APComm Conference 2014 Day Three

Code of Ethics

Day three of the conference started with an input on the recently launched Code of Ethics for policing.

The session was started by the College of Policing and national ethics lead for policing Chief Constable Jacqui Cheer setting out the key elements of the code of ethics.

Kate Tonge, College of Policing head of communication, set out what the code of ethics is and how it impacts on all involved in policing. She outlined the further work from the College to assist in embedding the code within police forces.

Chief Constable Cheer highlighted the dilemmas for communicators by looking at what it means to be transparent, open and honest. She raised some issues of the challenges for individual communicators on a personal level and also within their professional activity. CC Cheer made an important point that if you employ professional communicators then senior police officers should listen to the advice.

The session really highlighted the daily ethical dilemmas that police communicators face and the importance of providing professional advice and feeling able to challenge senior officers or provide a contrary view of events.

APComm is going to work with the College of Policing to develop a workshop on dealing with the ethical dilemmas for communicators.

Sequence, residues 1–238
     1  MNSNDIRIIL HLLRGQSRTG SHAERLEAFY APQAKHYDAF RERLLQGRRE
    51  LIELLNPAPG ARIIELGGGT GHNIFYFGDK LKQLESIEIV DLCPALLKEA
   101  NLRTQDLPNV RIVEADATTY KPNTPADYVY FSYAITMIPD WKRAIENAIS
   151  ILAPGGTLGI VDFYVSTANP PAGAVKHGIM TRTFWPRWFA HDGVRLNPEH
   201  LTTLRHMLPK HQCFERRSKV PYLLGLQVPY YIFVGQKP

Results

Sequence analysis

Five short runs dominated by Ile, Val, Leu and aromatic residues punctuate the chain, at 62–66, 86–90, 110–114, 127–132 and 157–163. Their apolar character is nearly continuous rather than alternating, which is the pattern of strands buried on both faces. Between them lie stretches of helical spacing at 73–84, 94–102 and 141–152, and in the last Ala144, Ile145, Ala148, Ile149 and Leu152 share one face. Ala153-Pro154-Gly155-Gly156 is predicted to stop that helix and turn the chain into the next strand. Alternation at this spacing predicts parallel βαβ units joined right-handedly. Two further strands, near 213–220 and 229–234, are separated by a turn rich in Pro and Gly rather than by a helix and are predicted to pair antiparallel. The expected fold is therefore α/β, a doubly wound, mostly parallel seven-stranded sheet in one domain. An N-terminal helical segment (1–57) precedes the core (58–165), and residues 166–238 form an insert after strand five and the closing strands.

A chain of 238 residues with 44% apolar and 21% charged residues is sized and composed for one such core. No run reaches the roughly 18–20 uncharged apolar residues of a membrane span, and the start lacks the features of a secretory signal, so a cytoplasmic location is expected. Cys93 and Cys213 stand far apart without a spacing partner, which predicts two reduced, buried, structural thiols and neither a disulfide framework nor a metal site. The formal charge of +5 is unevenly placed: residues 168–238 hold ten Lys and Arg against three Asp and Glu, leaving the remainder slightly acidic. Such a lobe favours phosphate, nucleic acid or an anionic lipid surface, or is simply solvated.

Freedom of Information

Most force communicators spend a considerable amount of time dealing with Freedom of Information issues and Graham Smith from the Information Commissioner’s Office outlined why it exists and what it means for policing.

Graham is the Deputy Commissioner and Director of Freedom of Information, and he started by talking through transparency and the importance of FOI to the public. He talked about proactive and reactive transparency.

One key thread of the presentation was whether it was in the best interest of the organisation to withhold information through exemptions. Graham also referenced the publication of ‘big data’ for people to be able to use.

Key Note Speaker

APComm was really honoured to have Metropolitan Police Commissioner Sir Bernard Hogan-Howe as the final speaker for the day to talk about police communication. The Commissioner gave delegates the opportunity to ask questions which included reflections on his career.

To close the conference, APComm chair Amanda Coleman reviewed the three days and outlined further work that would be taken forward after the conference.